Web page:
Term and territory
Prospective master franchisees typically seek as long an initial term as possible, whereas franchisors prefer to limit it and impose shorter renewal terms thereafter, so as to exercise as much control as possible. These seemingly opposing viewpoints are somewhat reconcilable, however, considering the objective of the shared business relationship.
Franchisors know the initial period should be long enough for the master franchisee to break even on his/her initial investment, at the very least, with that investment comprising the initial franchise fee and any other out-of-pocket expenses. Performance-based renewal terms are very common and will generally be favourable to both parties’ growth. Franchisors must also keep in mind, however, if they end up cycling through a series of master franchisees for a given territory, the process of expansion will be inefficient and, even worse, will hurt their brand.
Negotiating the territory is similar to negotiating the term. As the master franchisee, you will want as broad a territory as possible in the event the expansion proves successful. The franchisor, conversely, may seek to limit the exclusive territorial rights it grants to master franchisees, so as to avoid underdeveloped regions and/or underperforming franchisees due to a lack of sufficient, direct support.
The goal of the negotiation process should be to balance any opposing views on this matter, but there are also other factors to consider. While your intention in seeking a large territory is to maximize your profits, for example, smaller territories can in fact prove more profitable for both the franchisor and the master franchisees in the long run. For one thing, a franchisor with multiple master franchisees in adjacent territories can react more quickly whenever one of those territories is underperforming in terms of franchise expansion, either by stepping in itself or by letting another master franchisee take over. This helps ensure standardization, which is essential to any franchise brand. Master franchisors are often under considerable pressure to meet a development schedule for expansions, such that they can easily lose sight of supporting their existing franchisees, to the detriment of the entire system.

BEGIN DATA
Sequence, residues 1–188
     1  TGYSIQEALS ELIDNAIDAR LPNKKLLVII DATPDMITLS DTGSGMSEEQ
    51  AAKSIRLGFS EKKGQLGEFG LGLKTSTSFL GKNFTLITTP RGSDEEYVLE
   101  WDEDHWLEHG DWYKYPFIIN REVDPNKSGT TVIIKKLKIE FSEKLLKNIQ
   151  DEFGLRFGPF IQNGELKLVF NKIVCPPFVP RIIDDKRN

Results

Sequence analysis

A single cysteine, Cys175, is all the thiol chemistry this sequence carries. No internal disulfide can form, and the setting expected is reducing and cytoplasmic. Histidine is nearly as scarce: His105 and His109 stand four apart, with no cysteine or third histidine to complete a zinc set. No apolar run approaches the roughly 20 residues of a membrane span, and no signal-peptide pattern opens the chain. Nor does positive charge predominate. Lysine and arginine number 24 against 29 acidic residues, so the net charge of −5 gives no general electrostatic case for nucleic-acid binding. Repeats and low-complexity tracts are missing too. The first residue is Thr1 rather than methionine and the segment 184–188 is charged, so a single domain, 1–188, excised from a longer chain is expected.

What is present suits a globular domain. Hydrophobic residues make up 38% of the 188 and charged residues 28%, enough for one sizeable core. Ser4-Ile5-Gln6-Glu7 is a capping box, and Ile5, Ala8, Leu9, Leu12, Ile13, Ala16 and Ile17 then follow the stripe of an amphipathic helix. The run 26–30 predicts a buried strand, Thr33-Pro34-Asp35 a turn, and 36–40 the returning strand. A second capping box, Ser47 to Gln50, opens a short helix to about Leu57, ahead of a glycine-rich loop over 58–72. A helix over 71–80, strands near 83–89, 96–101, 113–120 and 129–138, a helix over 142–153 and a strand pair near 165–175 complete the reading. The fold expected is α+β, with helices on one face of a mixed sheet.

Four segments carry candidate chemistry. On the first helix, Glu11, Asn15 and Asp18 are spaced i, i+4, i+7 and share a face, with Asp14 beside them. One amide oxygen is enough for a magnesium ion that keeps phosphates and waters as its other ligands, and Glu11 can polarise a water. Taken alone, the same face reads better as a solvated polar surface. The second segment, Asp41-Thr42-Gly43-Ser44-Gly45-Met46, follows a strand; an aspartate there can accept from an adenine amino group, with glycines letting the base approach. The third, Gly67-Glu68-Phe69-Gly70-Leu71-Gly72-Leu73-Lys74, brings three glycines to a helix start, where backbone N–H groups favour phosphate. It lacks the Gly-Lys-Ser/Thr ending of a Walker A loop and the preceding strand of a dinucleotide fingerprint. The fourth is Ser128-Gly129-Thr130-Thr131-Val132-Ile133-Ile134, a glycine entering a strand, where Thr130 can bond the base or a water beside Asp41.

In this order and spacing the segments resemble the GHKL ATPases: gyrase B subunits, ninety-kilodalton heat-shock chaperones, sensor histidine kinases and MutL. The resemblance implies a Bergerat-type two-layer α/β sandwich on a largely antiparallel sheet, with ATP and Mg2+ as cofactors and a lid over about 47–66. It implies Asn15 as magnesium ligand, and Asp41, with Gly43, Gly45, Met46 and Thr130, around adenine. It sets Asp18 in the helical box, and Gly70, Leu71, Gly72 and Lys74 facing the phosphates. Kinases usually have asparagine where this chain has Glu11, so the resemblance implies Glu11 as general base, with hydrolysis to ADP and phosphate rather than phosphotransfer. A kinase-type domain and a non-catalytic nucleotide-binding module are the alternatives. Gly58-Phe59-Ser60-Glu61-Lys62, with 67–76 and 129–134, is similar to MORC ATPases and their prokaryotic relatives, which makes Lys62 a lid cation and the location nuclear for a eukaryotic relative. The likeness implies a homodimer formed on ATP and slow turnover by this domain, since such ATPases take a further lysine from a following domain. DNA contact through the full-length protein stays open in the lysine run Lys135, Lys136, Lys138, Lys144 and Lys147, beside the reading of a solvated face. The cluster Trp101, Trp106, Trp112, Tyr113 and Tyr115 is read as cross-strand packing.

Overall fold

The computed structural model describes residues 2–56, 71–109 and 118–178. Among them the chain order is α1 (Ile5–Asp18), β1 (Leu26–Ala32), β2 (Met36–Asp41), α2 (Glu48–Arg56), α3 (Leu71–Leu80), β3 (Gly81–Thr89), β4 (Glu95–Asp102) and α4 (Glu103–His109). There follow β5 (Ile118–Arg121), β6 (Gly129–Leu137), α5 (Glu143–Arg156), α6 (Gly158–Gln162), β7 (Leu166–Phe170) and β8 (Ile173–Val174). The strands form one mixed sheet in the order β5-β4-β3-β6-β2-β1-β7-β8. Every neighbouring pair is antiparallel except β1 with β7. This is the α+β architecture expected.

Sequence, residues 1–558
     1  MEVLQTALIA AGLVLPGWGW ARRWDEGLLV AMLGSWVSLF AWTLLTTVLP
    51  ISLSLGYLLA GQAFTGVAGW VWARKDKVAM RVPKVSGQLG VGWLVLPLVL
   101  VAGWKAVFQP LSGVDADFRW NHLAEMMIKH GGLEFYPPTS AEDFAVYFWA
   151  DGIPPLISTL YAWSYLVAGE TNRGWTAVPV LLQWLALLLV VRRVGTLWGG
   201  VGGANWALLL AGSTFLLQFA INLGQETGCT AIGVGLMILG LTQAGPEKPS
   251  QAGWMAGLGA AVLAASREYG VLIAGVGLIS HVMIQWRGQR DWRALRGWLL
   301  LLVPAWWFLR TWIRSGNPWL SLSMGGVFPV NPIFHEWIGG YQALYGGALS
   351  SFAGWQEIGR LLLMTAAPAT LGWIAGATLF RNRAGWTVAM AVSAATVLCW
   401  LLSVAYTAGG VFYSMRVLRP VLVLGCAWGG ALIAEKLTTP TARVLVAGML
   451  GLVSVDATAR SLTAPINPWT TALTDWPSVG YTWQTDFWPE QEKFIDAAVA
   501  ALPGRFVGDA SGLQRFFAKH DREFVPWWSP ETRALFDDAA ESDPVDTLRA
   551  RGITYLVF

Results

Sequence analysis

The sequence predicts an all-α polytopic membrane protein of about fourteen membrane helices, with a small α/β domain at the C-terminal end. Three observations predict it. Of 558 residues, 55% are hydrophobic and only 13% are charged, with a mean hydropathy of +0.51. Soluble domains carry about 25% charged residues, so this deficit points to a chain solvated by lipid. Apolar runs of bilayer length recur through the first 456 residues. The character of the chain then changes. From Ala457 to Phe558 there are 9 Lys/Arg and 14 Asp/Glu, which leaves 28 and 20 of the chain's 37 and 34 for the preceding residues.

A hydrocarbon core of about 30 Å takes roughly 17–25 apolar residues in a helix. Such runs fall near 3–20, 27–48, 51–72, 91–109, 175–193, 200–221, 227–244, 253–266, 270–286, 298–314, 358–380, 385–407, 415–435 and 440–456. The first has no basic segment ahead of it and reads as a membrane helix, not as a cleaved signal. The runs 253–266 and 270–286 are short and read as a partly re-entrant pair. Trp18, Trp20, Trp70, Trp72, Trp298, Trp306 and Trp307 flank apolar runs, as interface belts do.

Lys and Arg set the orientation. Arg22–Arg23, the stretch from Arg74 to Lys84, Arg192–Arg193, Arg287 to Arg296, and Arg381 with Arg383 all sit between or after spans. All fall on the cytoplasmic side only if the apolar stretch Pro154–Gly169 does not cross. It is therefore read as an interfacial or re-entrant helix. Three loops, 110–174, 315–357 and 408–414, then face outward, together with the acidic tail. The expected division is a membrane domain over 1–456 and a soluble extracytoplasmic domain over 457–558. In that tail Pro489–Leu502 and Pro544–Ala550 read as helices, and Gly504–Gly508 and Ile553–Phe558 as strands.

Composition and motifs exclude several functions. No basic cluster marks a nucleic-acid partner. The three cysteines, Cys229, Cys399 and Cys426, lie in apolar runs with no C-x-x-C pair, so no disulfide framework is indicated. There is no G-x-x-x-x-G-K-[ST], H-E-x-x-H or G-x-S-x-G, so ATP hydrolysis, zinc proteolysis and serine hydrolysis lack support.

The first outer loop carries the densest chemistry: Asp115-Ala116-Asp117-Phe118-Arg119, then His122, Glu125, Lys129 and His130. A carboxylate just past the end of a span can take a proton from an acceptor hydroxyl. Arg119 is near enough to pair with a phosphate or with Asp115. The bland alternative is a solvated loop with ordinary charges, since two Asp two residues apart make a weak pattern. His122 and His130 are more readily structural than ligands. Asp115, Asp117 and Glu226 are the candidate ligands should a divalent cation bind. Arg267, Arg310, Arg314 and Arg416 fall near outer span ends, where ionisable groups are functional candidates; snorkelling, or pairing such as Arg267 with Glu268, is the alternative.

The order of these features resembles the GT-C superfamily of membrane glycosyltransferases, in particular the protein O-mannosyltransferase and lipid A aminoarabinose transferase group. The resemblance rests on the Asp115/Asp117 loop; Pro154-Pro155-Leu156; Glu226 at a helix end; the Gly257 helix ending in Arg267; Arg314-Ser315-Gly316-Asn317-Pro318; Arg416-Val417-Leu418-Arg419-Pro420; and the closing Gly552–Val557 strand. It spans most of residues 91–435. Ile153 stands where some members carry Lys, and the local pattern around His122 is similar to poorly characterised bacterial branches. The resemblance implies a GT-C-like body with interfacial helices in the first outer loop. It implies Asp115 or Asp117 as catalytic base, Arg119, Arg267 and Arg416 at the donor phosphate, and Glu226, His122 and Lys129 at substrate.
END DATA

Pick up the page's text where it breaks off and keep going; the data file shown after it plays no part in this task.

In the end, a franchisor will typically grant a specific initial territory to a master franchisee with the option of increasing the size of that territory in the future, as the master franchisee proves successful in meeting various performance quotas. And a similar protocol can be applied to renewal terms.
More than half of Canada’s 10 provinces currently have franchise legislation, with British Columbia being the most recent to enact its own, in February 2017. In each of these provinces, the legislation requires all MFAs to be governed by the laws of the jurisdiction in which the master franchisee is situated—and any disputes resulting from the MFA must be heard by the same province’s legal system. This puts master franchisees at a significant advantage over their franchisors and, for that matter, over their peers in other provinces, as local laws will seek to limit the imbalance of contractual power in favour of the franchisor.
Along with the increasing number of provincial franchise statutes, there has been a significant increase in court rulings on franchising matters. These can help provide guidance for any future litigation settlements.
In provinces where there is no applicable franchise legislation, foreign franchisors will typically require their MFAs to be governed by the laws of their own country or jurisdiction. Yet, it may actually be advantageous for both parties to elect to be governed by the laws of the master franchisee’s province, such as in the context of an injunction where time is of the essence. Enforcing a foreign court order can prove costly and lengthy, in effect diminishing the impact of the injunction.
Striking the right balance
MFAs can be strong foundations for new business opportunities. A foreign franchisor may find it daunting to venture into a new jurisdiction, particularly where there are significant cultural, linguistic, legal and regulatory differences, but a well-negotiated and well-drafted MFA can bridge this gap and fuel future expansion. The key is to strike the right balance between the control of the brand on one hand, which is necessary to ensure consistency, and the ability of the master franchisee to successfully tap into a new market for that brand, with thorough local knowledge, on the other. The resulting arrangement can be very profitable for all parties involved.
Olivier Bouvier-Johnston is an associate at Lavery de Billy LLP, based in Montreal. For more information, contact him via e-mail at firstname.lastname@example.org.